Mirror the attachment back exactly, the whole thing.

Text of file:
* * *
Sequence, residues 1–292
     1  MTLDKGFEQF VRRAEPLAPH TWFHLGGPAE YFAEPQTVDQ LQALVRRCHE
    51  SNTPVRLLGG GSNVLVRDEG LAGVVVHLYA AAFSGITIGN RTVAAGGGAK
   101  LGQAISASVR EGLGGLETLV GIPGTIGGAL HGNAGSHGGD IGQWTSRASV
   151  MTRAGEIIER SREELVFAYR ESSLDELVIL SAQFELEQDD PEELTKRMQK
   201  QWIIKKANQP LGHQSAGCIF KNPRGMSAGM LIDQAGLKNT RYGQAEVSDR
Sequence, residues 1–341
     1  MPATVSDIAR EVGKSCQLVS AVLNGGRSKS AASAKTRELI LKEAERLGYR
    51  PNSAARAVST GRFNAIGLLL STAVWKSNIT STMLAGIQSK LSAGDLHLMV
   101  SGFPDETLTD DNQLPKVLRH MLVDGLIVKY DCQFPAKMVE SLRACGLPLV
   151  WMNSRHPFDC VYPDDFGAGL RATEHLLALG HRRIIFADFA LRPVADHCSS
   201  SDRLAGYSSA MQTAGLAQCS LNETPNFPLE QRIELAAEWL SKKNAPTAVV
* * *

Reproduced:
Sequence, residues 1–292
     1  MTLDKGFEQF VRRAEPLAPH TWFHLGGPAE YFAEPQTVDQ LQALVRRCHE
    51  SNTPVRLLGG GSNVLVRDEG LAGVVVHLYA AAFSGITIGN RTVAAGGGAK
   101  LGQAISASVR EGLGGLETLV GIPGTIGGAL HGNAGSHGGD IGQWTSRASV
   151  MTRAGEIIER SREELVFAYR ESSLDELVIL SAQFELEQDD PEELTKRMQK
   201  QWIIKKANQP LGHQSAGCIF KNPRGMSAGM LIDQAGLKNT RYGQAEVSDR
Sequence, residues 1–341
     1  MPATVSDIAR EVGKSCQLVS AVLNGGRSKS AASAKTRELI LKEAERLGYR
    51  PNSAARAVST GRFNAIGLLL STAVWKSNIT STMLAGIQSK LSAGDLHLMV
   101  SGFPDETLTD DNQLPKVLRH MLVDGLIVKY DCQFPAKMVE SLRACGLPLV
   151  WMNSRHPFDC VYPDDFGAGL RATEHLLALG HRRIIFADFA LRPVADHCSS
   201  SDRLAGYSSA MQTAGLAQCS LNETPNFPLE QRIELAAEWL SKKNAPTAVV